Grossing the $1 billion threshold in international grosses for the first time, Miramax had a record year, led by the company’s all-time top earner, Oscar laureate “Chicago.” Overall domestic grosses through Dec. 15 totaled $635 million, with international chalking up $503 million.
Those tallies outshone 2001’s previous high of $608.6 million domestic and $350 million foreign, with the huge leap in the latter due largely to Miramax’s increasing tendency to release its own titles through Buena Vista Intl. rather than going through independent distribs.
Sister unit Dimension showed money-spinning franchises “Spy Kids” and “Scary Movie” still had major muscle.
Despite some commercial disappointments like “Confessions of a Dangerous Mind,” Miramax generated solid results with “Gangs of New York” and “Kill Bill Vol. 1.”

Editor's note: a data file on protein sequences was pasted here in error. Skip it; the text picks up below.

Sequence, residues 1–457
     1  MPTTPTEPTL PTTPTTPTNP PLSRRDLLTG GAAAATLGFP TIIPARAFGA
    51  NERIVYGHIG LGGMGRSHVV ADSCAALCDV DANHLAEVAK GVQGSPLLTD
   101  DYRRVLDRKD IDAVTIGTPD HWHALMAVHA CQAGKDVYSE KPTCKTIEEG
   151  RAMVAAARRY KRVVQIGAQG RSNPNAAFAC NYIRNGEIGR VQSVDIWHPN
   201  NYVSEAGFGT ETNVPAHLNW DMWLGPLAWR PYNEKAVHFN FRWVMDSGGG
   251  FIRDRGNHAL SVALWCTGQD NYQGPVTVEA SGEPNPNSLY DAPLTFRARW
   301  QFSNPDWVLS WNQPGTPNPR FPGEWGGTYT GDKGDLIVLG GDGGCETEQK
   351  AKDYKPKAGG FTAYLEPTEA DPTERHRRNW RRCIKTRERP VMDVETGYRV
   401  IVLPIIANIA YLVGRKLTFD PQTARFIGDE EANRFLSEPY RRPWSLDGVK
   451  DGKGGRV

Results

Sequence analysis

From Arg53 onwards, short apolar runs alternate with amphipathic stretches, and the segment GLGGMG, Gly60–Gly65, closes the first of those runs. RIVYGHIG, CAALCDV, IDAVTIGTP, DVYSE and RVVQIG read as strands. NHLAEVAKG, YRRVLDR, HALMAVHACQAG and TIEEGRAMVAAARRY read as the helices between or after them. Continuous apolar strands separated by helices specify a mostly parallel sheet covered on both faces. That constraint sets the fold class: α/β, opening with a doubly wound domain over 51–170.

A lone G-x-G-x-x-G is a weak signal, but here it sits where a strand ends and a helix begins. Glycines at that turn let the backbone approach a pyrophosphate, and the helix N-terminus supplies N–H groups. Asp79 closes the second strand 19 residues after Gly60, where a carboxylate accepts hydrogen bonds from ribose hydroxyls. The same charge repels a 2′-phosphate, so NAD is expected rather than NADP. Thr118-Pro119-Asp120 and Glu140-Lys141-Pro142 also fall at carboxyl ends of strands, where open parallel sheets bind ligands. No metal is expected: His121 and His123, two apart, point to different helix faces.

Miramax is looking to cap its banner year with “Cold Mountain,” an $80 million solo venture that represents unprecedented financial exposure for the company.
“We’re going to work very hard to make the film successful,” says Miramax chief operations officer Rick Sands. “We knew it was risky when we went in, but if you’re going to take risks, you do it with a writer-director like Anthony Minghella.”
While rumors circulated last year that co-chairman Harvey Weinstein was huddling with bankers to finance his own film slate or even buy back the company from Disney, Sands says reports of tension between the Miramax chief and Michael Eisner are “greatly exaggerated.”
“We actually work exceptionally well with Disney, domestically in the homevideo arena and internationally in theatrical,” Sands says. “People just like to propagate bad news.”
In 2004, Miramax is banking on “Jersey Girl,” “Ella Enchanted,” “J.M. Barrie’s Neverland” and the “Kill Bill” conclusion, while Dimension is looking to Wes Craven’s “Cursed” and Terry Gilliam’s “Brothers Grimm,” as well as a fourth “Scary Movie” installment.